Carman: I love communicating, teaching, and sharing information with people. Since the late 1990s and early 2000s, I’ve been fortunate to develop relationships with other professionals, and have co-authored seven books. I also do online training with Lynda.com and other sites. I love the fact that I can come home at night or go on a trip, yet still be in the classroom; I see people in that moment where they “get it” for the first time, which is so rewarding.
Two years ago, I teamed with two other colorists, Dan Moran and Pat Inhofer, to create Mixing Light, a website that teaches digital color correction for video and film. As far as we know, it’s the only website dedicated to the art and craft of color grading training. We work across multiple platforms, including Adobe Premiere Pro and SpeedGrade. We want to get people as excited as we are about color.
Adobe: What are your thoughts on the latest color tools in Adobe Creative Cloud?
Carman: It’s exciting that Adobe has been integrating color workflows directly into Premiere Pro since the purchase of SpeedGrade a few years ago. People who are using Premiere Pro as their main editorial tool now have power in their hands to work like a professional colorist. And they can do so in a tool they are comfortable with, using a workflow that isn’t foreign to them. People can use as little or as much of the powerful underlying technology from SpeedGrade as they choose, and quickly improve their video content.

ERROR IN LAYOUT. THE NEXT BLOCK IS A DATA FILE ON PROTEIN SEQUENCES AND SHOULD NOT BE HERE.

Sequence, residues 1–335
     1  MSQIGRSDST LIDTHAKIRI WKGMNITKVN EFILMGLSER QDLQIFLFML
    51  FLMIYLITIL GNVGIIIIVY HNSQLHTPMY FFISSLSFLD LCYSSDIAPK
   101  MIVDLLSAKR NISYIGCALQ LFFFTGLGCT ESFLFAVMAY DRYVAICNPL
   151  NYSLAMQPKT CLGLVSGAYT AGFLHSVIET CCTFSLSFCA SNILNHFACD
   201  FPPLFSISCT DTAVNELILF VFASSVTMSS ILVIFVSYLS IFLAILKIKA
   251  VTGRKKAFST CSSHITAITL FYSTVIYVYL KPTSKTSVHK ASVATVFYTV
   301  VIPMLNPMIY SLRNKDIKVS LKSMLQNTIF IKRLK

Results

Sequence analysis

The tools are similar to Lightroom, which is used by millions of photographers around the world. Those same people are now doing very creative video projects. For them and other users coming to Premiere Pro from multimedia backgrounds, these tools are perfect.
Adobe: How do you tackle a typical color project?
Carman: The first step is evaluation. On the technical side, I evaluate shots with video scopes which have seen a major update in Premiere Pro. On the aesthetic side, evaluation involves asking clients lots of questions: what is their color palette? What’s their preferred level of saturation? And so on.